This section is from the book "A Text Book Of Materia Medica, Being An Account Of The More Important Crude Drugs Of Vegetable And Animal Origin", by Henry G. Greenish. Also available from Amazon: A Text Book of Materia Medica : Being an Account of the More Important Crude Drugs of Vegetable and Animal Origin.
The common elder, Sambucus nigra, Linne (N.O. Caprifoliaceoe), is indigenous and common in England, and is distributed throughout the whole of central and southern Europe. It flowers in the early summer, producing large polychasial cymes, about 15 cm. in diameter, of small white flowers. The entire inflorescences are collected and allowed to remain in heaps for a few hours, during which they become slightly heated and the flowers drop off from the stalks. The latter are removed by sifting, and the flowers are either dried or preserved by mixing them with common salt. By this ' pickling ' the rather disagreeable odour of the fresh flowers is gradually changed to a pleasant fragrance. Either fresh or pickled flowers may be used for the preparation of elder-flower water, but that made from the fresh flowers has a distinct and unpleasant odour, which it is said to lose when redistilled after having been kept for some weeks. The fresh flowers, infused in melted lard, yield elder-flower ointment.
The flower consists of a three-celled, three-seeded, inferior ovary, five small green calyx-teeth, a white, rotate, mono-petalous corolla with five ovate or rounded lobes and a very short tube in which five stamens with short filaments and yellow anthers are inserted. The dried flowers, which are so shrivelled that their details are quite obscured, have a dingy brownish yellow colour and faint odour.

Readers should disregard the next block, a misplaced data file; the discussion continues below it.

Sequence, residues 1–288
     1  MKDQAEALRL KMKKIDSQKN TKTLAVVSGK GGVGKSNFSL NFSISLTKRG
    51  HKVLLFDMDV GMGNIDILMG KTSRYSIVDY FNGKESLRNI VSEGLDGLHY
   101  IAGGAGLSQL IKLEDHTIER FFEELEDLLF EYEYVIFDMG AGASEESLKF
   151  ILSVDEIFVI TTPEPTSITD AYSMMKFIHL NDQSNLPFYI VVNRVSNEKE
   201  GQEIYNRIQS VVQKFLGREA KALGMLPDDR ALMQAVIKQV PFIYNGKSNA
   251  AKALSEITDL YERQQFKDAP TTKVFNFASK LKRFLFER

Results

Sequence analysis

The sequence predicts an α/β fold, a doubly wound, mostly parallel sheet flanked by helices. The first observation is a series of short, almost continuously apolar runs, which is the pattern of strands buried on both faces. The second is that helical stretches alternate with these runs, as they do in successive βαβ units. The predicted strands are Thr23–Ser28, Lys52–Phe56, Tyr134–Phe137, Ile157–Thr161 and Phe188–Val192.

The student should examine the drug by boiling a little for a few moments in water and pouring on a plate to cool; in addition to the flowers, numerous portions of the stalks (pedicels), as well as occasional buds and immature fruits, may be readily seen under a lens.
He should observe
(a) The five-lobed monopetalous corolla,
(b) The yellow anthers of the stamens.
Elder flowers contain about 0.32 per cent, of volatile oil, possessing the odour of the flowers in a high degree. It is obtained by distilling the fresh flowers with water, saturating the distillate with salt and shaking it with ether. On evaporating the ethereal solution the oil is obtained as a yellowish buttery mass.
The flowers of various small composite plants (e.g. Achillea Millefolium, Linne) are said to have been used for adulterating elder flowers. The latter can be easily distinguished by the characters detailed above.
The flowers of the dwarf elder (Sambucus Ebulus, Linne), which, however, is a comparatively rare plant, are distinguished by their dark red anthers.
Elder flowers are chiefly used for the preparation of the distilled water.
The fresh ripe fruits contain tyrosin; the leaves and bark an alkaloid, sambucine, and a purgative principle. The leaves also contain the cyanogenetic glucoside sambunigrin, the glucoside of laevo-phenylglycollic acid (compare p. 38). Green elder ointment is prepared by infusing the leaves in a melted mixture of lard and suet.